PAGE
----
On July 19, 2023

Storms send a signal

 

By Angelo Lynn

Editor’s note: Angelo Lynn is the editor and publisher of the Addison County Independent, a sister publication of the Mountain Times. 

As Vermont braces for more rain again later this week, state, municipal and volunteer crews are working miracles to restore devastated downtowns, get commercial and retail buildings cleaned out, and repair hundreds of personal residences as well as reconstruct damaged roads and bridges. As with after Tropical Storm Irene, the speed with which buildings and roads are returned to a usable state will be almost as surprising as the shock of the devastation done.

That’s high praise for the resilience of the state, and of each affected community.

Equally important, however, is planning for the next deluge. The reality is our changing climate means there will be another flood and it’ll happen sooner than expected.

The frequency should change the calculus of how towns respond. 

In many instances, it may no longer be reasonable to put our heads down, shoulders to a shovel, and mindlessly rebuild in the same location. That’s grit and determination, but is it smart?

The current flooding ranks right up there with Tropical Storm Irene in late August of 2011 (just a dozen years ago); before then it is comparable to the great flood of 1927 — 84 years prior. It’s anyone’s guess, but if I were betting, I’d wager the next flood on this scale will be closer to 10 years than 84.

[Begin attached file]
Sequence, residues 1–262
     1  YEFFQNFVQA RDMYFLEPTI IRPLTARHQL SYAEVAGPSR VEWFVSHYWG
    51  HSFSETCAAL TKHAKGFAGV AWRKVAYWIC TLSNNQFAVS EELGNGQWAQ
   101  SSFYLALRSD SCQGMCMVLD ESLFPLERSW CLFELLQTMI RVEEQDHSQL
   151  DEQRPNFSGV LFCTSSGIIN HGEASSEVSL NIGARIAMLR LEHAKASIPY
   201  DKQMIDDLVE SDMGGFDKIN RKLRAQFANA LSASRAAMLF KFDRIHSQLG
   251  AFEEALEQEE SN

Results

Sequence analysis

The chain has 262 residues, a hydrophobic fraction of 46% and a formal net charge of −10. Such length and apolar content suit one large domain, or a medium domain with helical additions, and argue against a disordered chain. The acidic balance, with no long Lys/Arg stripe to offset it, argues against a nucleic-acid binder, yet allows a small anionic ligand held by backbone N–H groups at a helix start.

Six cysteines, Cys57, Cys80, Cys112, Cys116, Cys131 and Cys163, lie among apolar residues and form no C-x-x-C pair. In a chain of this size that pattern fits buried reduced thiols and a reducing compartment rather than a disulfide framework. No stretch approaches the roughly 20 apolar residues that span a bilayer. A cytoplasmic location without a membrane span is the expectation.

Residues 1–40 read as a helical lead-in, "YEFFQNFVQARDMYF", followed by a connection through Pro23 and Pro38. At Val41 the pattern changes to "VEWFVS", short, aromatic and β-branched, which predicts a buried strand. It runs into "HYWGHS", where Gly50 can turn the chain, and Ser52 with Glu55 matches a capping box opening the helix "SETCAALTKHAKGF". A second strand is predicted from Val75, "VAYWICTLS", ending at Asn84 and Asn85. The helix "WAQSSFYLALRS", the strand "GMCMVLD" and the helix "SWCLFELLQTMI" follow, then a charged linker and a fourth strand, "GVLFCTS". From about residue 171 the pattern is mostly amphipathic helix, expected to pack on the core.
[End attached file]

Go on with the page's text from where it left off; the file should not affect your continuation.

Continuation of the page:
Science has an explanation. Higher average temperatures on land mean the atmosphere holds 7% more moisture for each 1.8 degrees (F.) rise. A warmer Atlantic Ocean compounds the problem. Climate scientists have been telling us this for years, and they are predicting more rain more often in this part of the country.

The question then is two-fold 1) how do we rebuild onsite in ways that are flood resistant, and if that is not practical what’s the trigger point that prompts a move to higher ground; and 2) are we pursuing long-term solutions?

Each town has to answer the first question, as flooding and rainfall are so localized as to make any general edict impractical, but the state should encourage such planning with grant incentives — particularly for flood-prone communities and those that may not have done enough in the aftermath of Irene.

As for longer-term solutions, the state could do more to move residents off fossil fuels by encouraging greater use of renewables and transitioning from gas-powered vehicles to electric vehicles and hybrids. 

And because EV chargers need to be more prolific sooner than later, it will likely be up to municipalities to play a more aggressive role in making their downtowns (and commercial districts) EV friendly with state aid helping but not meeting the need.

Locally, residents should simply ask: Are we prepared when 9-10 inches of rain soaks us? 

Now’s the time to prepare.

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